Here I will rely on the twentieth century Jewish philosopher Martin Buber, who argued that there is no "I" without "Thou" -- that what constitutes ultimate reality is not the individual subject alone but rather the Zwischenmenschlich, the Inter-human, the "We", the community formed through the set of "I"-"Thou" dialogues (19k) .
Identity-construction and alterity-construction of a group go hand in hand. "Everyone invents himself by inventing, for that purpose, the others" (Manuel Gutierrez Estevez). Just as a group defines its "enemies", from which it tries to differentiate itself, so too it defines its "ancestors" or "relatives" -- groups whose achievements are admired and to which "we" want to be affiliated.
Recently arrived in a new land, unknown and "without
face", the anonymous Mexica affiliate themselves with the
grandeur of the ancient Toltec, the builders of the magnificent
sanctuaries and cities in the Mexican highlands.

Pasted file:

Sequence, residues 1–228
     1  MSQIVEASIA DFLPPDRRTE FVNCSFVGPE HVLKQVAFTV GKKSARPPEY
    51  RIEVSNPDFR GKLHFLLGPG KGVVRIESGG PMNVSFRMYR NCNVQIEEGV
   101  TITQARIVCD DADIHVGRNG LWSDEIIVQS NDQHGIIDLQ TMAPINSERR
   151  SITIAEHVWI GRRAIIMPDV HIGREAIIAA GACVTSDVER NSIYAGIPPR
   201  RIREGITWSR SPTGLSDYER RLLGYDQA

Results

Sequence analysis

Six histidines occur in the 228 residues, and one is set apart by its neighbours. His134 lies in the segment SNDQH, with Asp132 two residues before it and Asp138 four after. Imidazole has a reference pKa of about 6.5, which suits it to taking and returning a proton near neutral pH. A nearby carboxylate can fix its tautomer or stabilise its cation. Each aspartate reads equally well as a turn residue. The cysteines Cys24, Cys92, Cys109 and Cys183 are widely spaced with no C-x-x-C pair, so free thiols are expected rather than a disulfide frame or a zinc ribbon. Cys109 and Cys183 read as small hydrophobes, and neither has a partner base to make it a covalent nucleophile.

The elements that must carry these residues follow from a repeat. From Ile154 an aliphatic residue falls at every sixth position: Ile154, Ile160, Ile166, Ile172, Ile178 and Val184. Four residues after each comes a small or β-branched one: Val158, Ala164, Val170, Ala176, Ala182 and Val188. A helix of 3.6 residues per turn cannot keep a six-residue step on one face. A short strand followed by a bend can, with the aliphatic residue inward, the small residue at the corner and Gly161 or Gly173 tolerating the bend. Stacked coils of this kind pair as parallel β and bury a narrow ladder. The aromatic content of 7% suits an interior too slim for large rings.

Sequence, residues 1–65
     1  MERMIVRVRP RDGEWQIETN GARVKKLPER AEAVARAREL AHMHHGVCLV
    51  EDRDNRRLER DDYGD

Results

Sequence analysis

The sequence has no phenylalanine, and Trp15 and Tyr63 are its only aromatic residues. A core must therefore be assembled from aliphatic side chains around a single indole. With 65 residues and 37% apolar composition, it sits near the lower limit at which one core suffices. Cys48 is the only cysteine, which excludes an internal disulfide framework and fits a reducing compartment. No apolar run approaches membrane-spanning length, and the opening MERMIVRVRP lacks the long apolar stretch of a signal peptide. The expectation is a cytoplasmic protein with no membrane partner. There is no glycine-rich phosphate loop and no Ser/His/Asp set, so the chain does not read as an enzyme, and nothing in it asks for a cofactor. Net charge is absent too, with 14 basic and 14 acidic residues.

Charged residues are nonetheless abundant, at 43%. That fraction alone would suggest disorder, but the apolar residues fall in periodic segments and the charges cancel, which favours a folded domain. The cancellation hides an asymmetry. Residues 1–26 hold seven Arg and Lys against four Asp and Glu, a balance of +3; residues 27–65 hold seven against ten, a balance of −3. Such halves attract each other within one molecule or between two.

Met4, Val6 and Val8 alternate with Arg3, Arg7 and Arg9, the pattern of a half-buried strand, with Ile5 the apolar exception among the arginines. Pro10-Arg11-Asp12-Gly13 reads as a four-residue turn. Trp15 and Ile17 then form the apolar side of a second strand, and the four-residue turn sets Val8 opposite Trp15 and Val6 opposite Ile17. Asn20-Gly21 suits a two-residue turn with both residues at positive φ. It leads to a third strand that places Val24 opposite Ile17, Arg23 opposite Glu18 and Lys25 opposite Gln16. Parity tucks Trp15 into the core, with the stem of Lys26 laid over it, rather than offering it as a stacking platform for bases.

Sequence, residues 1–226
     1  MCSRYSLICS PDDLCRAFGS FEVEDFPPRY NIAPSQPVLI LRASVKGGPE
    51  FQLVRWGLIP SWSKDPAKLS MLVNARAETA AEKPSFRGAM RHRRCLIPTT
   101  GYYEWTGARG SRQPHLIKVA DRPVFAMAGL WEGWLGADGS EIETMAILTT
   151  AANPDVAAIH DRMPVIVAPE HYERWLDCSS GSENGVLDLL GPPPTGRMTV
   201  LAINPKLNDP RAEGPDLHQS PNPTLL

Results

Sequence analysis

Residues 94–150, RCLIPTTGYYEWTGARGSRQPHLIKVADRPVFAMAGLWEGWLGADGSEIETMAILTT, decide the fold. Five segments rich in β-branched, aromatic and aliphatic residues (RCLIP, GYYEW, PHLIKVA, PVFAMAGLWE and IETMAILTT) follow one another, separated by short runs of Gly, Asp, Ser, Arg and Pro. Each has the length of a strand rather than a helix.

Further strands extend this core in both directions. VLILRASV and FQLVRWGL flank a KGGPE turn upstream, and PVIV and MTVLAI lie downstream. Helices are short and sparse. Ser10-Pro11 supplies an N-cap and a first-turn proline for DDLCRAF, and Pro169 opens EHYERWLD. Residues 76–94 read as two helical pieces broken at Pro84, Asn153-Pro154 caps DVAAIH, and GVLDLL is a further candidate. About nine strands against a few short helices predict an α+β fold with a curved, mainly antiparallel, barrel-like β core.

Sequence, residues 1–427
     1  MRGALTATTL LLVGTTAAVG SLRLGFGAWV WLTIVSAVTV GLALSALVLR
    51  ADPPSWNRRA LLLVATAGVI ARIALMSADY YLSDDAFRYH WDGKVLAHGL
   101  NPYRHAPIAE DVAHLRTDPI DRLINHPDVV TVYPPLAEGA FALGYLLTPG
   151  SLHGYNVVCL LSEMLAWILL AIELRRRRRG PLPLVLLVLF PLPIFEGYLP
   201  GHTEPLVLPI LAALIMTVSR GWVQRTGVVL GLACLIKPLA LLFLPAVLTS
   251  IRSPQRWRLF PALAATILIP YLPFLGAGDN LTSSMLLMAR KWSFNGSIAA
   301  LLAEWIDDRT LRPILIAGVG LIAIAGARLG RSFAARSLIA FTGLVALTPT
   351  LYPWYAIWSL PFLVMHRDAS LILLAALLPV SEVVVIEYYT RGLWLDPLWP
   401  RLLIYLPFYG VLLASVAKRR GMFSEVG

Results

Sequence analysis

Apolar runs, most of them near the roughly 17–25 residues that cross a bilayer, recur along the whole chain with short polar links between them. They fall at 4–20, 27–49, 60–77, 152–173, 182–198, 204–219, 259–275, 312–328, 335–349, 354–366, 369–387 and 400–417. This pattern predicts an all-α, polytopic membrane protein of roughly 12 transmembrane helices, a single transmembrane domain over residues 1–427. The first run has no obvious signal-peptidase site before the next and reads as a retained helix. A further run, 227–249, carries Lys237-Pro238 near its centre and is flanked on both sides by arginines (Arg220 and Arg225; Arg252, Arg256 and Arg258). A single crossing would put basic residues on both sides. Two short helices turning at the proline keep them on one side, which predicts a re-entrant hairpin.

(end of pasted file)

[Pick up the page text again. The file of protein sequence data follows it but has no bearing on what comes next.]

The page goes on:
|D. Friedel, L. Schele, J. Parker|
I propose to extend Buber's view and claim that the "We" in fact cannot exist without the "You" (Plural) -- the "Other" community of dialogue (21k) which faces the "We". This "We" is the real, enhanced "(we)2".
Just as the "Thou" does not threaten the "I", but complements and, to some extent, constitutes it, so too, the "You", the other community, is not necessarily opposed to the "We", but complements it.
Just as each community is formed and enriched by the plurality of intra-community I-Thou pairs, so too humankind as a whole results from the exponential growth of inter-community dialogical pairs, here represented 'algebraically' by the operation of raising to the square power (42k).
But, unlike what this representation suggests, I repeat: the individual subject should not be considered a basic, independent 'particle' of human reality, for as much as it constitutes social reality, it is constituted by it.
Similarly, the separate social group should not be
viewed as an independent 'molecule', for its very existence depends
upon the interaction - cooperative as well as conflictual - with
other social groups.
Back to Chapter 8